New Blood Donation Policy Does Not Go Far Enough

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December 21, 2015
Scott Schoettes

The U.S. Food and Drug Administration (FDA) today announced new guidelines for blood donations that change the current lifetime ban for men who have sex with men (MSM) to a one-year ban. The guidelines also make clear that transgender individuals may self-report their gender for purposes of applying the MSM policy. While a step in the right direction, the new guidance falls short of what many recognize as the optimal policy for enhancing the safety of the blood supply while ensuring it does not discriminate against gay, bisexual and transgender people, one based on the conduct of the potential donor rather than the donor’s sexual orientation or gender identity.

Scott Schoettes, Lambda Legal Senior Attorney and HIV Project Director, issued the following statement:

“The guidance published today does not go far enough. An evidence-based policy would focus exclusively on the conduct of the potential donor, rather than the person’s identity with regards to sexual orientation, gender identity or perceived risk factors based on the person’s identity. Risk behaviors do not have a sexual orientation or gender identity. Within 45 days of exposure, currently required blood donation testing detects all known serious blood-borne pathogens, including HIV. Therefore, deferring anyone longer than two months is not necessary and does not discernably enhance the safety of the blood supply.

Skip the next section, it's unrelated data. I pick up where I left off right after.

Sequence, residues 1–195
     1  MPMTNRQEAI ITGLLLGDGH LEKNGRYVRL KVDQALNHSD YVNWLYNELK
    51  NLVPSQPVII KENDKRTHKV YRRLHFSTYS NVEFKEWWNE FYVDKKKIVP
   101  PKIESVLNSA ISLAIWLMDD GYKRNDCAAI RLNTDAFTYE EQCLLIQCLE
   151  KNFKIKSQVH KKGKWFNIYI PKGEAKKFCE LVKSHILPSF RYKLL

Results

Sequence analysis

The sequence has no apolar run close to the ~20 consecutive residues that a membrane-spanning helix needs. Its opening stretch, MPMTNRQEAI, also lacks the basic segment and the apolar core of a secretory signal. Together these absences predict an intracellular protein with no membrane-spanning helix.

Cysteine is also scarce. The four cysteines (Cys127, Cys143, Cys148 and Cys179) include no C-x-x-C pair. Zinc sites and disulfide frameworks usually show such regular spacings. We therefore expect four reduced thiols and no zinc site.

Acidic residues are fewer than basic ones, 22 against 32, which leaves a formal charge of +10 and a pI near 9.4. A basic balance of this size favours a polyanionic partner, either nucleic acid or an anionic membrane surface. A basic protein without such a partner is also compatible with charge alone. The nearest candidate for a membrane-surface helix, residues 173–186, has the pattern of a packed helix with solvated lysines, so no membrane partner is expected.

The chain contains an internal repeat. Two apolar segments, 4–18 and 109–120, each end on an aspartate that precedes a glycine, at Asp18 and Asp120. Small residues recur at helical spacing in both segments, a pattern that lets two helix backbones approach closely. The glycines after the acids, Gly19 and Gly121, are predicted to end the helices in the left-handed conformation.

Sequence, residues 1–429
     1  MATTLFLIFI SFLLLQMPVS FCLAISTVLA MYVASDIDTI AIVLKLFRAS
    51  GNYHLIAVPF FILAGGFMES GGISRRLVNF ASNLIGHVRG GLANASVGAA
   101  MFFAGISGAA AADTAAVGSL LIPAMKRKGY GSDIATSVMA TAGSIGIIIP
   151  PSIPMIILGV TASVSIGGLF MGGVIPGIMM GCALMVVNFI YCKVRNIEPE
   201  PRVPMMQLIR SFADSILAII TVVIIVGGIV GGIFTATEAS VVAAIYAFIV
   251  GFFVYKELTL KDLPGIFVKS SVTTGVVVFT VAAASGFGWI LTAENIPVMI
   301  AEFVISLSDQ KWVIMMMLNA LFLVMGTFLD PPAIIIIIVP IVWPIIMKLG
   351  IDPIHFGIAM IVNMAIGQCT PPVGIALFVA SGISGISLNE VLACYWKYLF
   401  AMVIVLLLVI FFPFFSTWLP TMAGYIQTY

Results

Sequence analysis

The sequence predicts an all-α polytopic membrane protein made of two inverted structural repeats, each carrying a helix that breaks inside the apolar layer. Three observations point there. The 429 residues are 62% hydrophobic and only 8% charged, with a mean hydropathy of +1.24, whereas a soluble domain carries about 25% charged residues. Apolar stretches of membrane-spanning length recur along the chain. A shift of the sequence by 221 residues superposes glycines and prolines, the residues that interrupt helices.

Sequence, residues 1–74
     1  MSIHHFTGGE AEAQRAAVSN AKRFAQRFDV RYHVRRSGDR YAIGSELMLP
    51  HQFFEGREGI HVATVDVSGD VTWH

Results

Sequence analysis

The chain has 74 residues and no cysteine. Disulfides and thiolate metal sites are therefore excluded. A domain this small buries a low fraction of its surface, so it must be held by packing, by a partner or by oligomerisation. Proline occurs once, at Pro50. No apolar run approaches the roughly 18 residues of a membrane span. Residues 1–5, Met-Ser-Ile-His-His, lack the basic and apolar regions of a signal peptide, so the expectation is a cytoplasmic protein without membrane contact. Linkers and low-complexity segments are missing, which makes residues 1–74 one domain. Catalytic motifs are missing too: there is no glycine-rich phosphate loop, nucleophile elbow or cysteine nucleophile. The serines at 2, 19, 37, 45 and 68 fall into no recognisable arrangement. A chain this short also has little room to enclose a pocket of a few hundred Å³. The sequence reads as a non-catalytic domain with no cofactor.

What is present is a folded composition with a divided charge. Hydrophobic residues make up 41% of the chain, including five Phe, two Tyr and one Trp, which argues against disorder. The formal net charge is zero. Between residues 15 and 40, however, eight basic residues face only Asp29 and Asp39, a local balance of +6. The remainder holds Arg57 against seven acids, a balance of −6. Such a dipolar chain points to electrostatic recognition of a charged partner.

“We are glad that the proposed new guidelines allow a subset of gay and bisexual men who have abstained from sex for a year to donate, and we are pleased transgender people will be allowed to self-report their gender in the donation process, but the policy still excludes the vast majority of gay, bisexual and transgender men from donating. Given all we now know about HIV and the activities that do and do not present a significant risk of HIV transmission, there is simply no reason that a nondiscriminatory policy ensuring the continued safety of the blood supply could not be put in place today.

“We are hopeful that the FDA will follow through on its promise to continue examining the blood donation policies in light of current scientific knowledge and, like other countries, such as Italy and Spain, will eliminate the U.S. deferral based on sexual orientation. The solution we proposed really is quite simple and straight-forward, and we remain hopeful that the FDA will recognize this and continue moving us toward such an individualized risk-based policy.

“Lambda Legal will continue to work towards real reform in our nation’s blood donation policy. Millions of people rely on blood donations for life-threatening medical situations, and our screening process should maximize the amount of available, safe blood. Screening blood should be based on up-to-date scientific knowledge and experience, not unfounded fear, generalizations and stereotypes. The policy remains discriminatory in nature, and continues its negative and stigmatizing effects.”

Lambda Legal, other advocates and the medical establishment, including the American Red Cross, the American Association of Blood Banks, America’s Blood Centers, and the American Medical Association, have called for the FDA to end the discriminatory and unnecessary lifetime ban. Last December, the FDA announced its plans to change the lifetime deferral to a one-year deferral for MSM and subsequently issued proposed guidelines. Today’s release followed a comment period on the draft guidelines, during which Lambda Legal, other advocates and medical professional associations recommended a policy based on the risk activities in which the donor has engaged. These groups also recommended substantially shortening the deferral period to reflect the significant strides made in detecting HIV and other blood-borne pathogens.

Blood Ban, HIV